Wednesday, November 20, 2013


Blancanieves is about about the daughter of a very famous bullfighter, whos wife died giving birth to her. She is named after her late mother, Carmen. Her father is injured in the bullfighting ring - suspending him to a wheelchair. Most of her life she grows up under the care of her step-mother who is cruel; making her do hard work around the house, forcing her to sleep in a dirty basement on the floor, prohibiting her from seeing her father, and many other things. Her step-mother eventually kills the father and attempts to kill Carmen as well. Luckily, she is saved by a team of bullfighting dwarves, although her memory is now gone. 

The first, very obvious stylistic choice you notice is the fact that it is presented as a silent film despite being made in 2012. I honestly dont know what the intention of this was, maybe the director wanted to give a homage or maybe he felt his story would best be told in this style. I also noticed the music was sometimes reminiscent of that time period and sometimes modern. I noticed a use of the theremin - which was used commonly for "creepy" scenes in old sci-fi films. I liked how the text wasnt only used for dialogue or to explain time passages, but also stylistic ways like showing the names next to the dwarves and when Carmen is looking Pepe and a single "?" appears on the screen.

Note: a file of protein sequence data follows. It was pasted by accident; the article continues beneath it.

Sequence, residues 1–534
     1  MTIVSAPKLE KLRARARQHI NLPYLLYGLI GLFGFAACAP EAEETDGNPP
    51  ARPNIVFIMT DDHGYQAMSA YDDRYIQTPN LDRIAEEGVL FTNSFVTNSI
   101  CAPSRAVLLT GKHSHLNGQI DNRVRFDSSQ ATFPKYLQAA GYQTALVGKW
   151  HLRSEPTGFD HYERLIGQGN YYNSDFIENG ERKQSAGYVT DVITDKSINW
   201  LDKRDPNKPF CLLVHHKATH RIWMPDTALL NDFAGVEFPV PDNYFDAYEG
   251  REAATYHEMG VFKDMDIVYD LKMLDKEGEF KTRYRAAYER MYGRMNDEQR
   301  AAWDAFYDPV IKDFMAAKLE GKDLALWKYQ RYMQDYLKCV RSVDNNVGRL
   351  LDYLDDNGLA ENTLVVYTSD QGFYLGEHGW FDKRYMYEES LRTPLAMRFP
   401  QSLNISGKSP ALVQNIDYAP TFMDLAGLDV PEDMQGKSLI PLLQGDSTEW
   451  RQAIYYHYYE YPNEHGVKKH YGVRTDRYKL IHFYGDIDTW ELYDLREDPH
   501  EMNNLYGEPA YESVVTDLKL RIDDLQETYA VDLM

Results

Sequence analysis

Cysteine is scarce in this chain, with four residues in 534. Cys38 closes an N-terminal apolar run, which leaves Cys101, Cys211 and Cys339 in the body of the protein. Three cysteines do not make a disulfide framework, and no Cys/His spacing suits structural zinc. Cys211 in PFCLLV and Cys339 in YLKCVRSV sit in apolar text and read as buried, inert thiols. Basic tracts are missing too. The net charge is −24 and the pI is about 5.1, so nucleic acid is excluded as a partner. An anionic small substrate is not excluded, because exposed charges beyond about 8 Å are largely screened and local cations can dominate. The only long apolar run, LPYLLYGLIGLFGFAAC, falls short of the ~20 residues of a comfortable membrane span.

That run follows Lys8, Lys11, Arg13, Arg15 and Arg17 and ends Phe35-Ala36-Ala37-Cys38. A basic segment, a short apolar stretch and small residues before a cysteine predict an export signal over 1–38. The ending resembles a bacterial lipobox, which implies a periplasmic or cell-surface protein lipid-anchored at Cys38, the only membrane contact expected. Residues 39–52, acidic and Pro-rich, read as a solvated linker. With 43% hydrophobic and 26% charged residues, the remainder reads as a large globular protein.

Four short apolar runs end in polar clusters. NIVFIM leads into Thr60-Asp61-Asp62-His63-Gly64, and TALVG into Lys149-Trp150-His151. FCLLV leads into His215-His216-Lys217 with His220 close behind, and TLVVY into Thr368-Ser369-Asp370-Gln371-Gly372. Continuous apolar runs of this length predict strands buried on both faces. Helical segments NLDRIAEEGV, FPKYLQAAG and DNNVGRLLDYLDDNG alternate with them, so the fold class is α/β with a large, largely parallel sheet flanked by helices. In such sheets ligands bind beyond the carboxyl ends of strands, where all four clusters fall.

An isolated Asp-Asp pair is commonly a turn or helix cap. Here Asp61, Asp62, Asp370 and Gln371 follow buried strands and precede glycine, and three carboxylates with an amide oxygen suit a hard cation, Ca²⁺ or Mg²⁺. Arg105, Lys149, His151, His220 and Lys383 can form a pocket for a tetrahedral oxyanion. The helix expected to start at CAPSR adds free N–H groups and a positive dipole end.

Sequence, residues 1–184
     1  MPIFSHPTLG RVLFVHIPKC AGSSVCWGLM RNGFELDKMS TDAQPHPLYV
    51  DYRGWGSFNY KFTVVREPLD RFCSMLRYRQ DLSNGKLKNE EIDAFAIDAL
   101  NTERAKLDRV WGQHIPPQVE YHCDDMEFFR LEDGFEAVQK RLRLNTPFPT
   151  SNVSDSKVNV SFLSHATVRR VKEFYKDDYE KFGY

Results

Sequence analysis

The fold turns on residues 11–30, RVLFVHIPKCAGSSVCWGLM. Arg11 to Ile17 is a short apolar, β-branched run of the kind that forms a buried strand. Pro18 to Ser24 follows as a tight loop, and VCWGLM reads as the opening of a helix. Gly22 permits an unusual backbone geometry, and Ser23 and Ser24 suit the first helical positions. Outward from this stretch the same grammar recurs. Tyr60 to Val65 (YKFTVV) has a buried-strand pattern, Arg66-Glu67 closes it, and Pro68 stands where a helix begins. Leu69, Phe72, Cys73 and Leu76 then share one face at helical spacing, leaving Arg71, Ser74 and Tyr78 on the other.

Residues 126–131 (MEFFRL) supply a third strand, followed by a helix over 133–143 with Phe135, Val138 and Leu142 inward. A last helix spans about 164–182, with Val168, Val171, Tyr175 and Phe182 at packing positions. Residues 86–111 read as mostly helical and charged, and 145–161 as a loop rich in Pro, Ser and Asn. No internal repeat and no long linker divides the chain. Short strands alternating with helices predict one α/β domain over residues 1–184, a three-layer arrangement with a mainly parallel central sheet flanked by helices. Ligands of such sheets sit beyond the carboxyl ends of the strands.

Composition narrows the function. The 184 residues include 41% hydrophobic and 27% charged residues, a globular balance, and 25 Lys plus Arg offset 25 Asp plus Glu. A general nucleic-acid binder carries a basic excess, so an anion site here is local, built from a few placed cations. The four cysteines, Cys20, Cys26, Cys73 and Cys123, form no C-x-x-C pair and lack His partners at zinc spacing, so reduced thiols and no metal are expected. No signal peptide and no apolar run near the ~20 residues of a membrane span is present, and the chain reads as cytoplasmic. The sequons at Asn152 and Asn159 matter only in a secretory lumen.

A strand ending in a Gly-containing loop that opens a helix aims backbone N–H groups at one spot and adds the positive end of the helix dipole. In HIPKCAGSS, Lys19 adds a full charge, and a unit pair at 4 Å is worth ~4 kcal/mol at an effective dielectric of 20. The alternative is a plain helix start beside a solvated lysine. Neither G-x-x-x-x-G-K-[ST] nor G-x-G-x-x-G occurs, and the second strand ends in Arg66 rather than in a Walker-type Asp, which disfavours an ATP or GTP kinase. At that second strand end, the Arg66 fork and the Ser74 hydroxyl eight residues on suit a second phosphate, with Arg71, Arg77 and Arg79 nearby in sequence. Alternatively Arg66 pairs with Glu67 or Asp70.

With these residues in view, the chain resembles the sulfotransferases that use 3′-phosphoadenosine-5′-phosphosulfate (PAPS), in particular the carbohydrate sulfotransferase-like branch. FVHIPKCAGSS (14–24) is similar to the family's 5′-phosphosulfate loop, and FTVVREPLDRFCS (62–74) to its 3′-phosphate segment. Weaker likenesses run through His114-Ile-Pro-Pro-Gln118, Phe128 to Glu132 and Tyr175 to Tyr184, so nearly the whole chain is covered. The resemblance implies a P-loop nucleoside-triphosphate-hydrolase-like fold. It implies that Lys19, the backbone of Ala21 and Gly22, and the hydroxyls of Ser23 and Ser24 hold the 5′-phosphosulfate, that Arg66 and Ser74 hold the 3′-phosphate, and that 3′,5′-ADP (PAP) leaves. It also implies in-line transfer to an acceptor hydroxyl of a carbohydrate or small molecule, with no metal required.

At some point, you'll begin to notice the obvious allusion to Snow White. Everything from the evil queen, the apple, and the 7 dwarves are all reflected in this movie. I believe the director wanted to make this movie a Spanish-themed retelling of Snow White. Even though the fairy tale is referenced in the film itself as well. I wasn't very thrilled by this decision, as I was expecting something new when I watched this movie. Then again, it was different enough to hold my interest and still entertaining at parts.

The editing was pretty good in this film. Even subtle things like- the skull that flashes on the screen in the beginning when the father is mauled by the bull is the same skull that is overlayed on the apple the step-mother gives to Carmen. There was an excellent montage of clips perfectly synched to the clapping music of footage from the film showing that Carmen has regained her memory of past events. All the cinematography was solid, and convincing acting despite being mute. The film making itself was all pretty solid overall, but nothing terribly interesting to me personally.

Overall, this movie was alright for me. Nothing too great, didn't really encapsulate my interest. The story wasnt interesting or different enough for me - it felt very plain and predictable with no turns keeping you on edge. Again, the story was basically just a retelling of Snow White, in a 1920s mexican setting. Same with the cinematography - solid, just not extraordinarily impressive. I felt the obvious limitations that come with a silent film in this day and age were not compensated properly - visually and audibly - to appeal to most people. Personally, I feel that if you are going to make a silent film in this age, at least add a unique, modern twist. 3/5

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